"You bet I mean it. And listen, I have a really great idea for the honeymoon."


Rina said she wouldn't be nervous about being shot from one star to another in this newfangled Sommermen transportation thing, but Giyt thought she really was. He was. He got in and closed his eyes—and then, wonderfully, it was over as soon as it had begun. You stepped in the chamber on one world and stepped out of it on another, and that was all there was to it.

And Tupelo was just as promised. It was an Earth-sized planet, with perfectly breathable Earth-style air—which was what it more or less had to have, because none of the ET-DIXIE probes had ever found a life-bearing planet that didn't. And it had a lot of water. Just as described, it was mostly ocean, with the colony on a Sri Lanka-sized island that was part of an archipelago in its temperate zone.

Giyt wondered about living on an island. He'd never done that, and it sounded—well, sort of confined. He had to admit that it was a nice island, though. It had everything the recruiter had promised. The island was built like a sombrero, with huge central peaks, the remnants of ancient volcanoes (but now, they swore, thoroughly dead), and the town they were to live in was on one of the series of broad plateaus that descended to the sea. Streams with pretty waterfalls raced down the mountainside to make Crystal Lake. The climate was ideal, sort of like a coastal Oregon spring. Their new home was within easy walking distance of the pretty freshwater lake that had, as promised, already been stocked with Earthly game fish. There was a fully functioning net, with a prime database that had been copied from the North American nexus itself; one subset was the complete Library of Congress base, so Giyt would not have to be without his favorite entertainment. There was a hypermarket, well stocked and promising to special-order from Earth anything they wanted that wasn't already on the shelves; there were beauty shops and an office depot with everything the Earth superstores had and five or six small but nice-looking restaurants and bars . . . and all those things just in the services Ex-Earth had provided, with all the wonders of an alien planet to explore as well.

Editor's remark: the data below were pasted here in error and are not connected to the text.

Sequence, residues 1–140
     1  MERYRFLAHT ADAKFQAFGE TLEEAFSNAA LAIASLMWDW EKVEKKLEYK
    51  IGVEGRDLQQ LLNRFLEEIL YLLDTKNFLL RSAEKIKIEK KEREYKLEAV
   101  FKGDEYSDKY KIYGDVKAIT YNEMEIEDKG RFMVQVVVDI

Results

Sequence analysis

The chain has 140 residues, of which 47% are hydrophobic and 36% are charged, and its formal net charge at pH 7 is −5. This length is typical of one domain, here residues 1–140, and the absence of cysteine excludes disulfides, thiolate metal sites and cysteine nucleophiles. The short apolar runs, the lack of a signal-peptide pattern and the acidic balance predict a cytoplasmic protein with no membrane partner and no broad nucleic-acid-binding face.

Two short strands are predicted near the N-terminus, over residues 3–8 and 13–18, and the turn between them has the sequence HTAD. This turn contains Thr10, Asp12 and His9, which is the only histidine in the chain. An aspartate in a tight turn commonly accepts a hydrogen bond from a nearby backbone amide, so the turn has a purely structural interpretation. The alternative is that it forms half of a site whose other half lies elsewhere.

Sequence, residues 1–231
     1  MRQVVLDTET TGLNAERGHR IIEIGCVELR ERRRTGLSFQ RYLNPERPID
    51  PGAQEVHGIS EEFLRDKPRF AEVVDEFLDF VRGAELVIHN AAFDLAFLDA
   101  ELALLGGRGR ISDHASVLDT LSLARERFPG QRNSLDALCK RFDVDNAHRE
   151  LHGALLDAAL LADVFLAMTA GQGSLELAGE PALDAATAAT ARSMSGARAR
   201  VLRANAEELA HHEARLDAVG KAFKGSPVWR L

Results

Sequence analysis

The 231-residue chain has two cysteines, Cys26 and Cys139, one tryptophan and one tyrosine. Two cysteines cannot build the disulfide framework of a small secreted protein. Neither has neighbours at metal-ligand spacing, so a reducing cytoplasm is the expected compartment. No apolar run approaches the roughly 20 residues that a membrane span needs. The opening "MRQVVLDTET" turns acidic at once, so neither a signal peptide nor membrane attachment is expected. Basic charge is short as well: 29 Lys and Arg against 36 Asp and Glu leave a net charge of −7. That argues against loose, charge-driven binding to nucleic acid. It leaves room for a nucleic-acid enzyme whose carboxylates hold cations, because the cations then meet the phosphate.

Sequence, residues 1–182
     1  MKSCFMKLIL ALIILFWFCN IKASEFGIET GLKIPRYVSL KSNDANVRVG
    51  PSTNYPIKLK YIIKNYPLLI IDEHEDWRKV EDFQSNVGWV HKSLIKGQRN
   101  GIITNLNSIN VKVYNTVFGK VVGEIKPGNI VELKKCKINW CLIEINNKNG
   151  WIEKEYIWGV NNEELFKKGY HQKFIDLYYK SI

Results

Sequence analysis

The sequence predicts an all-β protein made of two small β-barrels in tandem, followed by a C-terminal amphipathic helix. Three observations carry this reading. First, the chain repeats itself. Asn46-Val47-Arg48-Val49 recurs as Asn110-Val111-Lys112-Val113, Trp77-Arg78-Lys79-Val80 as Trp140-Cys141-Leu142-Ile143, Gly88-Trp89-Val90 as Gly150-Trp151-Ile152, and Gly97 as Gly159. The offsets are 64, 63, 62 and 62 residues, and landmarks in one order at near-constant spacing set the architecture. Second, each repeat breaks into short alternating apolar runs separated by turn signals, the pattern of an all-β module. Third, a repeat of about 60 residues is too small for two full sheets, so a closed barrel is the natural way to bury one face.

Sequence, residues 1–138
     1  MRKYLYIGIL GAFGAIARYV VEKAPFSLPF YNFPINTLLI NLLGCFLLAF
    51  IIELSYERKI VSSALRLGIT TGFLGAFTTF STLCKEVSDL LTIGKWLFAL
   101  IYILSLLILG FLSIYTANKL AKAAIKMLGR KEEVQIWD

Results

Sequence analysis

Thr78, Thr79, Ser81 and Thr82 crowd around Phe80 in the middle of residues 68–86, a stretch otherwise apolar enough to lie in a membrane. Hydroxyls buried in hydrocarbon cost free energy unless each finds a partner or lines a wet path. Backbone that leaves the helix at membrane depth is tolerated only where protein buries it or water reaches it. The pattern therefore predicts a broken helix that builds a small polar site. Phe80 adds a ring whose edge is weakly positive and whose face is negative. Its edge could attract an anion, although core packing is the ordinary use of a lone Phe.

And then there was their home itself.

It had been a long time since Evesham Giyt had lived in anything that didn't pull out of the wall, like a file drawer. He was a little uneasy as they prowled their six rooms with one of the Ex-Earth resident agents. She was a woman named Olse Hagbarth, and it was her job (and, she said, her pleasure—and that of her husband-slash-colleague, too) to make all the new colonists welcome. "Of course," she said, looking around at the furniture with some disdain, "this stuff belonged to the previous occupant. Pity about her. She went back to Earth—homesick, I guess. You don't have to keep her furniture. If you want to replace it we can get you just about anything you want from Earth. And listen, don't worry about spending your resettlement grant. There's more where that came from; Ex-Earth is loaded."

But Rina was happy with the furniture supplied, was happier than Giyt would have believed with the house itself, and with the queer, un-Earthly plants that grew in its modest garden, and with the kitchen and the bathroom that was all their own, and she couldn't wait until the agent left and they could try out their huge and comfortable new bed. "Shammy, Shammy," she murmured into his ear, "don't you think this is wonderful?"

It probably was, he agreed. Tupelo was everything they'd been promised.

The only thing was, in one or two unexpected ways it was somewhat more than they'd been promised, because the recruiter in Wichita hadn't said anything about the fact that five rather odd-looking races from other star systems were also doing their best to colonize it.